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4 home finance programs for Linux

Although many people use online banking to monitor their accounts, move money around and pay bills, it is impossible to get an overall picture of your net worth when your money is at several different institutions. You can see your savings, you can see your cheque account, you can see your credit card account, and so on, but you really need an offline program to bring all the information together to show you your total net worth. You also need software to enable you to set budgets and to show whether you are sticking to them or spending too much. Until there's some way of pulling all your data together online, these traditional home finance programs are indispensible.


jGnash

jGnashjGnash is a free home finance program that is written in Java, so you need to make sure you have that installed before you start. It can be run from the command line, but it starts up OK even if you just double click the .jar file. The software is slightly confusing at first and this is mainly because of the interface, which could be a lot better. The main screen lists bank accounts, expense accounts, income accounts, and opening balances. They aren't all accounts and expense accounts are really categories. These have subcategories for car fuel and insurance, health insurance, food dining and groceries, recreation hobbies, books/magazines and concerts/movies. Income is split into subcategories like interest, salary and so on. Clicking the Register button divides the window into an accounts pane and account register pane. This is more straightforward to use and you can select an account (what everyone else calls an income or expense category), and enter a transaction. Recurring transactions like salary and bills can be created. It will also import OFX, MT940 and QIF file formats, so you can download the latest transactions from your online bank. Once you get used to jGnash, it is quite good and there is a useful range of reports that show your monthly balance, income/expense pie chart, your profit and loss, and so on.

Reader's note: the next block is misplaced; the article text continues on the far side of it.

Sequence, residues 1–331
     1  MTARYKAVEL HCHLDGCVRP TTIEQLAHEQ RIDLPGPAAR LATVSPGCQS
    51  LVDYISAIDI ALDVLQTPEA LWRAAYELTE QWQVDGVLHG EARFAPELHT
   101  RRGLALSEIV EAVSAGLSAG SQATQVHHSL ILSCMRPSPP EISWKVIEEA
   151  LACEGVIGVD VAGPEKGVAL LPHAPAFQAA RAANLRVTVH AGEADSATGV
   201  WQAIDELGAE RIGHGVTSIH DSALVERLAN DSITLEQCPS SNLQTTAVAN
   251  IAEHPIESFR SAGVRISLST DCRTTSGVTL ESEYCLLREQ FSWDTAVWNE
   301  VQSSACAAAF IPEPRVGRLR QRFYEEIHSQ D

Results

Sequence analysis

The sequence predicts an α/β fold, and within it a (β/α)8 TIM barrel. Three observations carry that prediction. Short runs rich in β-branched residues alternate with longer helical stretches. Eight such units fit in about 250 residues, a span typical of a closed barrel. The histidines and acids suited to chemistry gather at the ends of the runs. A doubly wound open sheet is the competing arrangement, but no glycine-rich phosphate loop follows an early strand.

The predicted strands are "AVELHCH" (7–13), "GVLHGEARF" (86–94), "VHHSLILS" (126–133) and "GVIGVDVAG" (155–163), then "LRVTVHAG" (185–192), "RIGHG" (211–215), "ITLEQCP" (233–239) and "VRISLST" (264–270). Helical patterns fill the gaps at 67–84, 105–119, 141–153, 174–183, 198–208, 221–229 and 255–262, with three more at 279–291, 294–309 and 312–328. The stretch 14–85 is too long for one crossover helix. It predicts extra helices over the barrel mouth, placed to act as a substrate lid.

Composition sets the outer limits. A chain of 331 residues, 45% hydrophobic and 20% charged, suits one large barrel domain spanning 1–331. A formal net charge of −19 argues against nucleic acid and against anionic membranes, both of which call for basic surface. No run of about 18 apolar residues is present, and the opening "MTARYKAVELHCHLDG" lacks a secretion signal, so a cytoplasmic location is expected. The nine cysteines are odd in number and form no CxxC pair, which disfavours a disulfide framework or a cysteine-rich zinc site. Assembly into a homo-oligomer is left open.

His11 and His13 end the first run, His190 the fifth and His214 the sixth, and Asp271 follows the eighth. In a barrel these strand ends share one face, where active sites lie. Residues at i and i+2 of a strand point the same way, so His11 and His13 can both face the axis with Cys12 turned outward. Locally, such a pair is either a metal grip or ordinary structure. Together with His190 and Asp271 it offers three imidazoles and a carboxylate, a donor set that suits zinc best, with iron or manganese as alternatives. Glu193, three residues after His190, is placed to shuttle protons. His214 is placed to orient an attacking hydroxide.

Price: Free.


Buddi

BuddiBuddi is a personal finance program that is available for various Linux distros, Apple Mac and Windows. As with some of the other home accounts programs, the interface can be a bit strange and confusing in places and this doesn't help when you are trying to learn a new program. I don't know why it has to be so hard, but once you get used to it, it's a reasonably good program. The home screen shows your accounts and the balance for each one. You can create cheque accounts, credit card accounts, savings accounts and so on. You'd think you would be able to double click an account to open it, but instead you go to the Edit menu and select Edit Transactions - even when there aren't any! This opens a second window with its own menus, some of which duplicate the first window. Once past this weirdness, it's not so bad and you can enter transactions, choose categories and set budgets. Reports are available and these are quite good and show pie charts of income and expenses, your net worth and so on. A nice feature is the ability to extend the program with plug-ins. Buddi is OK once you get used to it, but not as good as jGnash or Eqonomize.

Price: Free.


Eqonomize

EqonomizeEqonomize is a KDE program, but it runs fine on Ubuntu with Gnome too. You'll find it in Ubuntu's Synaptic Package Manager and it's best installed from there, but if it's not in your distro's repository, try the website. Some programs haven't a clue when it comes to user friendly interfaces, but this one tries hard to make home finances easy. It's not quite perfect, but it is one of the best programs here and a bonus us that it comes with good documentation. The home screen lists your accounts, income categories and expense categories. You can easily add cheque accounts, savings, bills you regularly pay, salary and so on. There is even a securities account and you can record share dealings. The program imports QIF and CSV, so you can import transactions from your online bank. Manually entering transactions is straightforward too, although they are displayed in a separate window instead of in the main program window. There are some simple reports that are useful, but one irritating feature of the program is that you can't change the currency symbol. This doesn't affect how the program works, it just looks nice if you can set your currency. It's as good as, if not better than jGnash and it's much better than Buddi or GFP.

Price: Free.


Other accounts programs

  • GFP Personal Finance Manager: At first sight, this looks like it might be a good program, but when you try to use it you realise it's weird. It's really confusing and I didn't get on with it at all. I didn't know what I was doing and while it might make sense to the programmer, it doesn't make sense to me. It requires Java and you have to start it from the Terminal. It needs rewriting with novices in mind.

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